Modeling of Crude Oil Prices with a Special Emphasis on Macroeconomic Factors

Bogdana Pereboichuk

Student thesis: Master thesis

Abstract

This thesis aims to find out what drives price of crude oil. Since nowadays oil is rather a financial asset than industrial good its price evolves similarly to other financial assets prices. Traditional financial approach to modeling is based on assumptions about stochastic processes which allows for capturing partly random behavior of oil price changes. Besides estimating simple stochastic models (Geometric Brownian Motion (GBM) and Mean-Reversion) which are widely used for other commodities and returns modeling, influence of unique for oil factors is also assumed and tested. A unique feature of oil market is presence of precautionary demand reflecting expectations and concerns about future need for oil. Based on the common knowledge about global significance of oil, high market power of the producers, possible political instability and also observing soundness of macroeconomic background market participants form their expectations concerning future oil necessity. If the macroeconomic background is believed to be sound – optimistic mood in the market results into high precautionary demand. At this state market is very vulnerable to any announcements, and price response is immediate and sharp. In order to capture expectations impact on oil prices stochastic modeling is extended with factors describing macroeconomic conditions through the oil price volatility channel modeled within GARCH framework. The volatility models have better forecasting accuracy on the short horizon but produce only approximated long term expectation similarly to the simple ones. Simple stochastic models for oil prices demonstrate that drift estimations are very uncertain but are more reliable for the GBM model. The main finding here is that crude oil price process has a drift, but it changes once in a while – it may be assumed constant but for shorter than sample time periods. This conclusion may also hold for the mean-reverting property even though the latter is not supported by the findings. But the main attention should be paid to diffusion term, estimation of which is on average the same for all models and methods. It has strong serial dependence not consistent with theoretical properties of stochastic processes. It is reasonable to assume that serial dependence of stochastic term can be captured by heteroscedasticity modeling. GARCH models estimated reveal that oil price volatility positively responses to bond yield spread widening and depreciation of US dollar. Asymmetric property of the volatility is also documented meaning that oil prices become more volatile in occurrence of positive rather than negative shocks (the sign of the link is positive which is opposite to expected for asset returns. Typically asset prices are falling sharply in negative shocks presence, but in case of oil it may indirectly prove the precautionary demand hypothesis through the stronger impact of optimistic atmosphere rather than pessimistic). Convenience yield has a positive direct and very strong impact on oil price which is a fundamental theoretical assumption for commodity modeling consistent with theory of storage: oil price responses positively on inventories scarcity. US dollar to British pound exchange rate influences oil price also directly and this link is more stable than that in variance. Even though the obvious indicators of macroeconomic activity did not demonstrate strong influence on oil price but they apparently are not the best measure of expectations influencing the precautionary demand.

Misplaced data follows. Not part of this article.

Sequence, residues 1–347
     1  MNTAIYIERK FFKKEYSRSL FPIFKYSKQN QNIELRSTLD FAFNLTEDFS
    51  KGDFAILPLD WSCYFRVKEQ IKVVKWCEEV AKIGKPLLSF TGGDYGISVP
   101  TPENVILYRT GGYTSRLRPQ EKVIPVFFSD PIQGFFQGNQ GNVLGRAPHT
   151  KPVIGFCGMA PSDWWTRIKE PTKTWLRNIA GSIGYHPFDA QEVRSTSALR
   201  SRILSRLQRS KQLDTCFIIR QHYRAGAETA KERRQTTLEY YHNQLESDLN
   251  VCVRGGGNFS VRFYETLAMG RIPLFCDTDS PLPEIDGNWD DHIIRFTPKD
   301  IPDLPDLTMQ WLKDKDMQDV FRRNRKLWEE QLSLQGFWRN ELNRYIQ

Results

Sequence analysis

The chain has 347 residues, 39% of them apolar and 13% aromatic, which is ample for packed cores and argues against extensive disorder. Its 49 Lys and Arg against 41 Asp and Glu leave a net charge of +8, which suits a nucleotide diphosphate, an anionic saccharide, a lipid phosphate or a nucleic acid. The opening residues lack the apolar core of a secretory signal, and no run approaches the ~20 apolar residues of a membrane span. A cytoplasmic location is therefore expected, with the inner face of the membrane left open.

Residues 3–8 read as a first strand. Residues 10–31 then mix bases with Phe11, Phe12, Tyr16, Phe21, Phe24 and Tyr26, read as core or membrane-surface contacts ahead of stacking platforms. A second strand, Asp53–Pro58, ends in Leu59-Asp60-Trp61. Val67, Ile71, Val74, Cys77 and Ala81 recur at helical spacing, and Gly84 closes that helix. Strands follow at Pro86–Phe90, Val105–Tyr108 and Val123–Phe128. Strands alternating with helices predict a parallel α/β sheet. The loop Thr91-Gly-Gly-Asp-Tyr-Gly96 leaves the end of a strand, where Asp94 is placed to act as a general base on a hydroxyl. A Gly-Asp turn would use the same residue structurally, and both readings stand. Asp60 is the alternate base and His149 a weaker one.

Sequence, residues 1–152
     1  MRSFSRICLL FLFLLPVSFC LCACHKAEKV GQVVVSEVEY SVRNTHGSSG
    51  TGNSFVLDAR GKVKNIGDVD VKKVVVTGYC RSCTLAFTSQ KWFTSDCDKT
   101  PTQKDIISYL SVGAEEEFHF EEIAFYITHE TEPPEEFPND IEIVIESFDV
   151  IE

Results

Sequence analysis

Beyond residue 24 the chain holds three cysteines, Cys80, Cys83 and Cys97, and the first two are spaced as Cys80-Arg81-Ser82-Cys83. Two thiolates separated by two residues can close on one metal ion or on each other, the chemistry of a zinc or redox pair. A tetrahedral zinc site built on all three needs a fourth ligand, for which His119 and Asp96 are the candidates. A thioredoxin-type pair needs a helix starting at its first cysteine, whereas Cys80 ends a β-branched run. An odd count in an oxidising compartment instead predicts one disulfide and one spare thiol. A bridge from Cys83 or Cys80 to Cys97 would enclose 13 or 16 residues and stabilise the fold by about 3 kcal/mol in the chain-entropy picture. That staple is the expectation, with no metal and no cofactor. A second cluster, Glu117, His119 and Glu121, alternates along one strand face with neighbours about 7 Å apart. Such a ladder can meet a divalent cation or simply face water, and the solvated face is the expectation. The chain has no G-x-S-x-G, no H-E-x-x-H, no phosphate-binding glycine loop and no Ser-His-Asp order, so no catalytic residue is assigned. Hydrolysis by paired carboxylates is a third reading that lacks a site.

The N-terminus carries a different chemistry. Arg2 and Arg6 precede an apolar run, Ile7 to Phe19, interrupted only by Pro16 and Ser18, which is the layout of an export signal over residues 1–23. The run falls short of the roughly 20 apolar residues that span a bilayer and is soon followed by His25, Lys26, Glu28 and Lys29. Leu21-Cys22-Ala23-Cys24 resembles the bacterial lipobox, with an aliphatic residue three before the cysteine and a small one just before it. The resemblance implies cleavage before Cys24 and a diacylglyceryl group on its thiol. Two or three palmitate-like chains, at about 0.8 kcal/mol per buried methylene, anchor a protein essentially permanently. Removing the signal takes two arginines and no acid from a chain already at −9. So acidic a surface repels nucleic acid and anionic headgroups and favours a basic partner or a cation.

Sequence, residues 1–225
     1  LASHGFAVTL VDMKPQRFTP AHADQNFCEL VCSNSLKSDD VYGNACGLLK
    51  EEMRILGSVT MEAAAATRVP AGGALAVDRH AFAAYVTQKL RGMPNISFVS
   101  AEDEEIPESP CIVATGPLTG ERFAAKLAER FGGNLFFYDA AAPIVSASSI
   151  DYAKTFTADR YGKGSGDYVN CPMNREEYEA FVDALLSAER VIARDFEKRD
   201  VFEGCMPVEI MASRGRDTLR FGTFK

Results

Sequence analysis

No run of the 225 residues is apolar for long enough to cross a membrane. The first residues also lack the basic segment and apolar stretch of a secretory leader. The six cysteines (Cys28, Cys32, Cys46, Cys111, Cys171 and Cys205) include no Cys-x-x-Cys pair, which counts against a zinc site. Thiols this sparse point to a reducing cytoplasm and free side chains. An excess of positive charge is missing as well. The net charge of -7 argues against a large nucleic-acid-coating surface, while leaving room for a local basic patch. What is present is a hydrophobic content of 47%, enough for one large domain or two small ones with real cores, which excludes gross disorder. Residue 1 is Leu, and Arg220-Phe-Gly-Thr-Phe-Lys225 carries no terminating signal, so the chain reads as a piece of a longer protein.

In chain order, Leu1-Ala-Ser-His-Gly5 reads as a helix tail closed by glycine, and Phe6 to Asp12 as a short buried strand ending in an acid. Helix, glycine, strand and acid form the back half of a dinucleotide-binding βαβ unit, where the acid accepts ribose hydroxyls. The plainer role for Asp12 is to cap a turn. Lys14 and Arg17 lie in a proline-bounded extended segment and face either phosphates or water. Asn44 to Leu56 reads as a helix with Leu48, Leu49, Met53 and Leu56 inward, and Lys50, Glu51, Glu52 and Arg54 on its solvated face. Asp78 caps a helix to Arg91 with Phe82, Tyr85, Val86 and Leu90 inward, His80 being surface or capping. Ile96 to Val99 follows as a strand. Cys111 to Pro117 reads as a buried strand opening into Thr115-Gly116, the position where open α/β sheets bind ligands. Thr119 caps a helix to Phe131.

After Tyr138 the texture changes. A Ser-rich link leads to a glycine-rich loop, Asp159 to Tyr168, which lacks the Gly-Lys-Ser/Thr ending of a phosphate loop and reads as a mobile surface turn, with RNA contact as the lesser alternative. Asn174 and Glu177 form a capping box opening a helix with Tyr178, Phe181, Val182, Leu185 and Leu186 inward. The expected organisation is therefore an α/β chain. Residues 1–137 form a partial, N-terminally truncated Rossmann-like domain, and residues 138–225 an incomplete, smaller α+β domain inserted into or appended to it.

EducationsMSc in Advanced Economics and Finance, (Graduate Programme) Final Thesis
LanguageEnglish
Publication date2013
Number of pages120